New England Ski Resorts

  • Vermont:

Killington – good-sized and impressively varied terrain…and getting busier, more expensive, and less friendly every year. East Coast boarders with too much money will probably do just fine, though they’ll need to go a little too far for the nightlife they want.
An aside: This was my father’s favorite ski resort. He and my mother would drive to Killington from NYC in the middle of the week to avoid the weekend crowds for two days of skiing. When my folks moved to Las Vegas, we all thought that was it for the skiing. How wrong we were. Utah has long been one of the world’s premier ski destinations mainly because it gets a lot of superb snow, deep, dry powder, trademarked as “The Greatest Snow on Earth.” But few skiers are aware that the state’s highest resort base elevation is at Brian Head, an easy 3-hour drive from Vegas. The second highest? Nearby Eagle Point. Both get 350-360 inches of perfect snow annually – more than Deer Valley and every major ski resort in Colorado. Reaching almost 11,000 feet, Brian Head has 71 trails, plus night skiing, a lift-served tubing hill, terrain park, and beginner’s learning center. It offers multiple base areas, hotels, condos, restaurants and stores. The major issue with this resort is the altitude. It can be crushing if you are not acclimated. For that reason my parents preferred two other Vegas ski options. By far the closest and the only one that makes sense for day skiing or snowboarding from the casinos is Lee Canyon (formerly named the Las Vegas Ski & Snowboard Resort and locally known as Mt. Charleston). It’s just a 45-minute drive from Vegas. This was perfect for my parents now that they are in their seventies. When I visit we head out to Lee Canyon for a short day of skiing. I till find it odd to be able to hit the Las Vegas clubs at night after a day of being on the slopes. But then there are several aspects of living in a desert environment that stand out from my home on the East coast. My parents get water delivered every two weeks to their place. We go nowhere without bottled water which makes sense. After all it it important to be well hydrated. Serious dehydration can lead to death, but even being slightly dehydrated can have side effects such as dry skin, constipation, dizziness or light-headed and headaches. But this service of water delivery brings home that fact. My parents said their real estate agent recommended a local company called Tahoe Springs which offers fresh drinking water (what other kind is there) or natural spring water as well as alkaline water. They tried all three and finally settled on fresh water which according to the company’s website is crisp, delicious water that is purified through an exhaustive seven-stage process that includes, not only reverse osmosis, active carbon filtration, macro and micro filtration, but also ozonization and ultra-violet light. The result is amazingly pure water with a lower mineral content. Whatever. It tasted fine to me and satisfied my thirst!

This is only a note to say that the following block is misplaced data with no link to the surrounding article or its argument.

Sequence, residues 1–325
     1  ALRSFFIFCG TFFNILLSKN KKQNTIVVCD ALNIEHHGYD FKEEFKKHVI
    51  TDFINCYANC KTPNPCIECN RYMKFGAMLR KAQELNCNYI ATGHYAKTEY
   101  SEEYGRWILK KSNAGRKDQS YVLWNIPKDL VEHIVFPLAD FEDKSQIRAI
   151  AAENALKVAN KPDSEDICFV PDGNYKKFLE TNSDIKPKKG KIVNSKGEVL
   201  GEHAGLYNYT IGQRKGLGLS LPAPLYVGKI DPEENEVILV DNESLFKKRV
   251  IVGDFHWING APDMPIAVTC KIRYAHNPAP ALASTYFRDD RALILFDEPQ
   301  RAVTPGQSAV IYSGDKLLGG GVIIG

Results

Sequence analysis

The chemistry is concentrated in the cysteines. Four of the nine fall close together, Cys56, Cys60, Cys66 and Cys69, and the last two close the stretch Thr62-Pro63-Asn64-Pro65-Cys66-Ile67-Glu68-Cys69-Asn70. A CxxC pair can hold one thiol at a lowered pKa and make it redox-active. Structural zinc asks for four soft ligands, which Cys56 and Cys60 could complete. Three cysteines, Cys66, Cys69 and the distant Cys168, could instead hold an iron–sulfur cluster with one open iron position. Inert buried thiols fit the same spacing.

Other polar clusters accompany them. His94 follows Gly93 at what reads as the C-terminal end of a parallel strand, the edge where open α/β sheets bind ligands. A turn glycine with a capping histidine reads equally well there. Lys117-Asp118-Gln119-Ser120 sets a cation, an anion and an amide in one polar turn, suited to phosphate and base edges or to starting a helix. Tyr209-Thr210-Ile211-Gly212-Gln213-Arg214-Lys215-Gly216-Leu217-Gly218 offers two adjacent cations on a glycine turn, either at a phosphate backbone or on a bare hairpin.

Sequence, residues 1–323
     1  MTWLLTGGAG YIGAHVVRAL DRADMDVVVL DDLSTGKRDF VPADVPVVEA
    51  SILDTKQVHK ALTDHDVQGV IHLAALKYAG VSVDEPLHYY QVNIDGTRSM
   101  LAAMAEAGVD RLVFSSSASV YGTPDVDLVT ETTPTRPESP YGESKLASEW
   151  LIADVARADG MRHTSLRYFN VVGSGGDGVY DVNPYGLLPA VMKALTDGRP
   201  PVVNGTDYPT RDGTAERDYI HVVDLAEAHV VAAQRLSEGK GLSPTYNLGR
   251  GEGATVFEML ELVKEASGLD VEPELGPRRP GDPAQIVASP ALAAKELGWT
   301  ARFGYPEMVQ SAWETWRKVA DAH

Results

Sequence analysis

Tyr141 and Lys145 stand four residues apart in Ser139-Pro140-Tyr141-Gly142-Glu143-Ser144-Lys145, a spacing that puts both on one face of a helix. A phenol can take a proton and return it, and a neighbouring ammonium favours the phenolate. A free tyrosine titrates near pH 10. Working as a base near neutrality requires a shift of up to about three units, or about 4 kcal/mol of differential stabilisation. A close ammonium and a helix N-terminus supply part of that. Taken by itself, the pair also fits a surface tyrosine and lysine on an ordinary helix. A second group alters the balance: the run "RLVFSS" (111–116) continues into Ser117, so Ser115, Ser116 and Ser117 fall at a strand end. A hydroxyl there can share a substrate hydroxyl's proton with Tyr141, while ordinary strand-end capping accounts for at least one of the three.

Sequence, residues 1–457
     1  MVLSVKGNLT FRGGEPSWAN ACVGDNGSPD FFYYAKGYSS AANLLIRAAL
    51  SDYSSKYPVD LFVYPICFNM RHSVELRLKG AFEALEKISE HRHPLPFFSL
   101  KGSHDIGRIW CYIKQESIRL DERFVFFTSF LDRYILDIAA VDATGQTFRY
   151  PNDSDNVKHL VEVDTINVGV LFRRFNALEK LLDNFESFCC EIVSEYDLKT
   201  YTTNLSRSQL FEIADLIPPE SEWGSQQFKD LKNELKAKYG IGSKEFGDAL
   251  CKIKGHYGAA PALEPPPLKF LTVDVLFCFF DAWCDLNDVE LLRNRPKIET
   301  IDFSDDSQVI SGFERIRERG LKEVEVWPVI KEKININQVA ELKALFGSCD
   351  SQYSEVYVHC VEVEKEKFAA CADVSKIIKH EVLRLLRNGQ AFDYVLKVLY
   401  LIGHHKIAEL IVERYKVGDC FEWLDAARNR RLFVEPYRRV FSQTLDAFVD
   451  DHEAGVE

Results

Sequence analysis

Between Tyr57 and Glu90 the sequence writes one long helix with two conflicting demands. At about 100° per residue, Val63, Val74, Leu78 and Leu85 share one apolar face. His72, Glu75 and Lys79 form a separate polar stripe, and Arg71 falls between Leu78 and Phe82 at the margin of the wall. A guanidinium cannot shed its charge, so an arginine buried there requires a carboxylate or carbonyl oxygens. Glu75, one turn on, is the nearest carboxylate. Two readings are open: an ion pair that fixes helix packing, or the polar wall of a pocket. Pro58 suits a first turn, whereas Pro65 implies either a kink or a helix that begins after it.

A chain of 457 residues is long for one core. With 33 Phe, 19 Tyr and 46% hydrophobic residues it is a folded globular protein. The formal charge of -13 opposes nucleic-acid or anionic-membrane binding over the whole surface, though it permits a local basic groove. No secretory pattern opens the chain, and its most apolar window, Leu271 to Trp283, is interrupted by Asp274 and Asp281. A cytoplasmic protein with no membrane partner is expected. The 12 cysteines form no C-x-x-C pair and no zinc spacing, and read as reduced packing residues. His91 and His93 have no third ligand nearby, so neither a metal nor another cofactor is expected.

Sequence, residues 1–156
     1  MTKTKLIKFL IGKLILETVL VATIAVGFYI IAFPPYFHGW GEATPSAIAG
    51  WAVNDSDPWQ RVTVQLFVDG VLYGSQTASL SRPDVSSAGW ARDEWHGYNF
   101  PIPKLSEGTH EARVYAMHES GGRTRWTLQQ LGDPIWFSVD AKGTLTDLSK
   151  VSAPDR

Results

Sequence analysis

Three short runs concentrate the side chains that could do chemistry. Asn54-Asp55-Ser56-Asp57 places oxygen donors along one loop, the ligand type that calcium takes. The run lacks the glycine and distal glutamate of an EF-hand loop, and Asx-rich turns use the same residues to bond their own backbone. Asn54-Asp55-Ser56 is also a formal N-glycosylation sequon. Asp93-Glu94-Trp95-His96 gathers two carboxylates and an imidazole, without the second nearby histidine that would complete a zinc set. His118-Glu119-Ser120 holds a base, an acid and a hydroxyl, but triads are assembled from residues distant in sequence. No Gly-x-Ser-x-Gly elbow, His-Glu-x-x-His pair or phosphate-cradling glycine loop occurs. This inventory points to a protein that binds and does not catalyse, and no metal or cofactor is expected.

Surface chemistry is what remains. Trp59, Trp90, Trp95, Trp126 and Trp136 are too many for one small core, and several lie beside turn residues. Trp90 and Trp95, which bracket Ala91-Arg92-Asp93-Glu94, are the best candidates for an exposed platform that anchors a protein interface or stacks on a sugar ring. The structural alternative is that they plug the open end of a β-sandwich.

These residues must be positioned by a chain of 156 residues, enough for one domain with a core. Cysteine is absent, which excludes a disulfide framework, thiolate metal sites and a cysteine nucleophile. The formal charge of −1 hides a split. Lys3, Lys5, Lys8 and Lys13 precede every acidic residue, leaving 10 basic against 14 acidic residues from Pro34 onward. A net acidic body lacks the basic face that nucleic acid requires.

Stowe – Winter has arrived and its time to put away your own, as well as your kids golf clubs sets, and take out the ski equipment. You may have enjoyed the Stowe Mountain Club Golf Course which meanders along the slopes of Mount Mansfield and Spruce Peak, while providing a dynamic setting with its unmatched beauty among Vermont golf courses during the other three seasons of the year, but it is now time to ski. Although Stowe offers great views, sizable (for NE) vertical, fun apres-ski environment with good food choices, decent park, so-so wait times, but ridiculous lift prices. Overall, it is one of the better Eastern destinations.

Mount Snow – the skiing is as good as Stowe, also pretty much as expensive as Stowe, and without Stowe’s nightlife and service quality to balance out the older facilities and generally less helpful service. It’s hard to recommend.

Okemo – very attractive mountain for greenish-blue skiers, though flatter and not as varied as some other VT spots. Crowds and costs about average (i.e, tolerable if you’re having a great day otherwise), but nearby Ludlow helps to make this a great family-friendly option.

Sugarbush – nice terrain and woods, geared mainly toward dark blue, one of the best spots in the East when the weather is right. A bit pricey, but never too busy. Not a lot to do in the immediate area, but some decent local places within a short drive. During the other months of the year, enjoy their Robert Trent Jones, Sr. masterpiece 18 holes course at Sugarbush Golf Club. Designed with respect for the natural setting and its breathtaking vistas, the par-71 course is as beautiful as the game itself.

Stratton – can get busy and expensive, but otherwise a good choice for glades and cruisers, nothing too challenging but surprisingly good for boarders…and a nice village on top of everything else, with Manchester close by if you need more.

Jay Peak – great trees and impressive snow make this a NE must-ski, especially for backcountry fans. High winds and ice can be a problem, but not really any more than any other Eastern destination. Great little ski town nearby for some unpretentious and laid-back apres-ski.

Mad River Glen – THE hardcore NE destination for people who are serious about skiing. No boarders, no boundaries, no business interests…very much like a step back in time. Quite steep for the East, with plenty of trees and very reasonable cost and crowd levels (though weekends can strain that). Not at all recommended for beginners and families looking for a vacation resort experience.

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